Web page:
In general, the STT1 and STT2 complex undergoes cpTAT substrate-induced LLPS and form the STTs condensates to facilitate the substrate targeting and translocation into the thylakoid lumen. Along with the STTs, many other targeting factors were predicted to contain IDRs. These factors include but are not limited to the following (Ouyang et al., 2020): (1) SECA1 in Arabidopsis and rice, and SECA2 in Arabidopsis but not rice. These proteins are assistants of substrate translocation to the thylakoid lumen and the inner chloroplast envelope, respectively; (2) cpSRP43 and cpSRP54 in Arabidopsis and rice. These proteins are the components of the cpSRP pathway; (3) SRP54 in Escherichia coli, yeast, Arabidopsis and mice. This protein is a cytosolic translocation factor for secreted proteins; (4) PEX5 and PEX13 in Arabidopsis and mice. These proteins are components of the peroxisomal protein translocation machinery; (5) AKR2A in Arabidopsis and mice. This protein is a cytosolic targeting factor. As IDR-containing proteins have been widely implicated in mediating phase separation (Li et al., 2012; Molliex et al., 2015), these factors mentioned above probably undergo LLPS and lead to liquid condensate formation, implicating that LLPS may be a universal and conserved mechanism for substrate sorting not only in the chloroplast of the plant but also in the cytoplasm across kingdoms (Lee and Hwang, 2020; Ouyang et al., 2020).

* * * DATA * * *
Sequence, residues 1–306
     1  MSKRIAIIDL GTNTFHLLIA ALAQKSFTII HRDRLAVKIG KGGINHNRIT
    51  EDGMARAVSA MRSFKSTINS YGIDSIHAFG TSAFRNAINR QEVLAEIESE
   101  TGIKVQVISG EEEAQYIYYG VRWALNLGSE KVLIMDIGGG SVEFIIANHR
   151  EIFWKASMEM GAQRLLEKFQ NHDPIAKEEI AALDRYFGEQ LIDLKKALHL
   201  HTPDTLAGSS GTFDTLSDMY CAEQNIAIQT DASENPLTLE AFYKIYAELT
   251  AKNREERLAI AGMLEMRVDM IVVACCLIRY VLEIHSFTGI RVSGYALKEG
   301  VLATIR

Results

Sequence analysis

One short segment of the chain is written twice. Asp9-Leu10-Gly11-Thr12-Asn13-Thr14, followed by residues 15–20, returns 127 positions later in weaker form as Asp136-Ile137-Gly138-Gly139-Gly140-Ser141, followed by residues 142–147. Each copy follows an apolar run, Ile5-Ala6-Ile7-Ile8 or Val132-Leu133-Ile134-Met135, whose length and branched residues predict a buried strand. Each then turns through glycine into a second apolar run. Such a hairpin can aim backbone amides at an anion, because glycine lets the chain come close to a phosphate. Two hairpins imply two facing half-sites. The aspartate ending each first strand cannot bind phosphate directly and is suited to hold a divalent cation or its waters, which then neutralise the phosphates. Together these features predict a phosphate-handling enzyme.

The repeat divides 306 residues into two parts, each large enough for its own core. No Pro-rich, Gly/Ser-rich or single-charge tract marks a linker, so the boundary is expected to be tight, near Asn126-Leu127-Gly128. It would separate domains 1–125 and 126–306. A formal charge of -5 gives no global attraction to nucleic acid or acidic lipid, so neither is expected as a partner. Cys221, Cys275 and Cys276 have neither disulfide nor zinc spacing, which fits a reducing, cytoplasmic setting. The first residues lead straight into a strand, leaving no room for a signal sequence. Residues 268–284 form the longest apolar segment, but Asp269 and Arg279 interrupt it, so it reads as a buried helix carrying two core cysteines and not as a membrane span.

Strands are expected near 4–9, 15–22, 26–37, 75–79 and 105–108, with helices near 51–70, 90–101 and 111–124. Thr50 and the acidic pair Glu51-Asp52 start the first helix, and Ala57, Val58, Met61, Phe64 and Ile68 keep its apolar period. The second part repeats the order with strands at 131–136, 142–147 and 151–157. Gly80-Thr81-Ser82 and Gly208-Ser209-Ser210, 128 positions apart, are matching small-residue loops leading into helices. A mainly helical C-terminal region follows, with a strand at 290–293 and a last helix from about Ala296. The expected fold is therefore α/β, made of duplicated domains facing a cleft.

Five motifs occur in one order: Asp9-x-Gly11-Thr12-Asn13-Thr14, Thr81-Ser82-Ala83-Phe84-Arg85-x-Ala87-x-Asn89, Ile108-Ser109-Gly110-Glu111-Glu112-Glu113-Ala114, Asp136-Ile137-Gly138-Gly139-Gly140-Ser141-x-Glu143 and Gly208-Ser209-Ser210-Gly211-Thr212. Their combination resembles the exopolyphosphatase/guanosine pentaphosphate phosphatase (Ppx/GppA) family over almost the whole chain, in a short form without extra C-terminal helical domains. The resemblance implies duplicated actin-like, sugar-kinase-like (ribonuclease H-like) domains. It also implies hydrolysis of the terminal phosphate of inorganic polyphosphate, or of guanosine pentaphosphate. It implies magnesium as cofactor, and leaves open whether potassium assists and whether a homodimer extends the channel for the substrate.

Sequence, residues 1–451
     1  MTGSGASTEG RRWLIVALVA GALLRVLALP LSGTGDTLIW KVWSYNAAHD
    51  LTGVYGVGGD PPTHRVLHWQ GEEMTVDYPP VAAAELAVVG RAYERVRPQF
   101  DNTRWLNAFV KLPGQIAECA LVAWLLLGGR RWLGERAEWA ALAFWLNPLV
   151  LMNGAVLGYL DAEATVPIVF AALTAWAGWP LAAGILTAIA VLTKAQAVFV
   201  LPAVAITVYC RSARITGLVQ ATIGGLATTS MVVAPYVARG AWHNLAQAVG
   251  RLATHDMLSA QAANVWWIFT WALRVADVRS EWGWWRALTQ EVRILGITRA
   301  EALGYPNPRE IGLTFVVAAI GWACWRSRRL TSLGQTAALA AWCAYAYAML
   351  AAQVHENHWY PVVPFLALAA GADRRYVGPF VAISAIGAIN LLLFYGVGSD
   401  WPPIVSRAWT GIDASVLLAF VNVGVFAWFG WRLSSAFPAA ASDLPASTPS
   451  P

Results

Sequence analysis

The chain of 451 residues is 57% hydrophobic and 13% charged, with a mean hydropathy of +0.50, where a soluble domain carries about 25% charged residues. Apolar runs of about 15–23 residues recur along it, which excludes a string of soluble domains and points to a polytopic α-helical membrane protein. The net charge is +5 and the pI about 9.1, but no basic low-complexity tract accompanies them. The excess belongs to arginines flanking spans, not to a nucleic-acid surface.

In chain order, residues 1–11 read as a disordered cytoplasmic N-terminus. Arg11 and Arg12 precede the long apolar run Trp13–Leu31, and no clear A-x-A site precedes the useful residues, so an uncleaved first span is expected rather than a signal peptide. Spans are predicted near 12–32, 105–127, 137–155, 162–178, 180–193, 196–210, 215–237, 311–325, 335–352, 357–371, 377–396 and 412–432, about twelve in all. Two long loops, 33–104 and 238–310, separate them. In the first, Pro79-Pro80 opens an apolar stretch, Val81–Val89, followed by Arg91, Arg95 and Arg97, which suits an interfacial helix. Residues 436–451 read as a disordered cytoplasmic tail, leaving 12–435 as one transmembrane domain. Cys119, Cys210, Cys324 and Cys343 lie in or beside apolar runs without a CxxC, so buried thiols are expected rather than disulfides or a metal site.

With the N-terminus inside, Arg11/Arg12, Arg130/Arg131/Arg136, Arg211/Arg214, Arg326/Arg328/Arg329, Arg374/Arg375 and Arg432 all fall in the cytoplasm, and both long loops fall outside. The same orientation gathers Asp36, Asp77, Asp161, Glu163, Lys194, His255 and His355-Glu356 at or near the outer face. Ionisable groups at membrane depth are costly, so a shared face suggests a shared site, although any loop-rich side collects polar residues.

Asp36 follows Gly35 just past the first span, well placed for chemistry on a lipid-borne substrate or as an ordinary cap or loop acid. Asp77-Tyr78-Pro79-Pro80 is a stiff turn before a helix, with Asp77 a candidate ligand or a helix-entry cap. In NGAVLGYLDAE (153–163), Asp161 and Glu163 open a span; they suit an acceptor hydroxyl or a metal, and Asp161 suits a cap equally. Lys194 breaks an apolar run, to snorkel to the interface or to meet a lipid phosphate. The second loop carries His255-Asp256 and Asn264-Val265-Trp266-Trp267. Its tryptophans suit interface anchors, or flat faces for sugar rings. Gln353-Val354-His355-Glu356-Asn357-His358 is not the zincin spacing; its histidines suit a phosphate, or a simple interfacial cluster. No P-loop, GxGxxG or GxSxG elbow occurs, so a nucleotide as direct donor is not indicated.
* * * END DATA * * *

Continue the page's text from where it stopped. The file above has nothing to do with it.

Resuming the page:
Perspectives

Within cells, LLPS is tightly regulated by various mechanisms for proper functions. Physical conditions that can change affinities of biomolecular multivalent interactions, such as pH, temperature, redox state, ionic strength, and osmotic pressure, are known to have an effect on LLPS of biomolecular systems (Banani et al., 2017). Within the chloroplast, the redox state, which interplays with the photosynthetic light reactions, fluctuates rapidly with light intensity changes, biotic and abiotic stresses suffered, diurnal variation, and other environmental stimuli (Foyer, 2018; Kuzniak and Kopczewski, 2020; Sachdev et al., 2021). And the stromal pH oscillates during light-dark transition. In the dark both the cytoplasmic and stromal pH is close to 7, but upon illumination the stroma becomes alkaline and the pH increases to about 8.0, as a consequence of H+-pumping into the thylakoid lumen (Heldt et al., 1973; Hohner et al., 2016). In addition, dynamics of many ions in the stroma have been observed in response to stress stimuli and also at the transition between light and darkness, especially Mg2+ and Ca2+, which play a critical role in regulating enzyme activity and other numerous physiological and biochemical processes (Szabo and Spetea, 2017; Frank et al., 2019; Li et al., 2020; Marti Ruiz et al., 2020). In summary, physical conditions within the chloroplast change frequently through variations of environmental and metabolic conditions. In addition, various post-translational modifications alter the interactions among macromolecules and can modulate LLPS (Bah and Forman-Kay, 2016; Zhang et al., 2020). While post-translational modifications in the chloroplasts have been poorly investigated compared to whole plant cells, animal cells, and yeast, numerous types of post-translational modification have been identified and are believed to occur in the chloroplast, such as phosphorylation, oxidation-reduction, acetylation, methylation, and glutathionylation (Lehtimaki et al., 2015; Grabsztunowicz et al., 2017). However, whether or not STTs driven LLPS is regulated by any physical condition changes or post-translational modifications within the chloroplast is still unclear. Further studies on this topic will expand our knowledge of the regulation of intra-chloroplast protein sorting.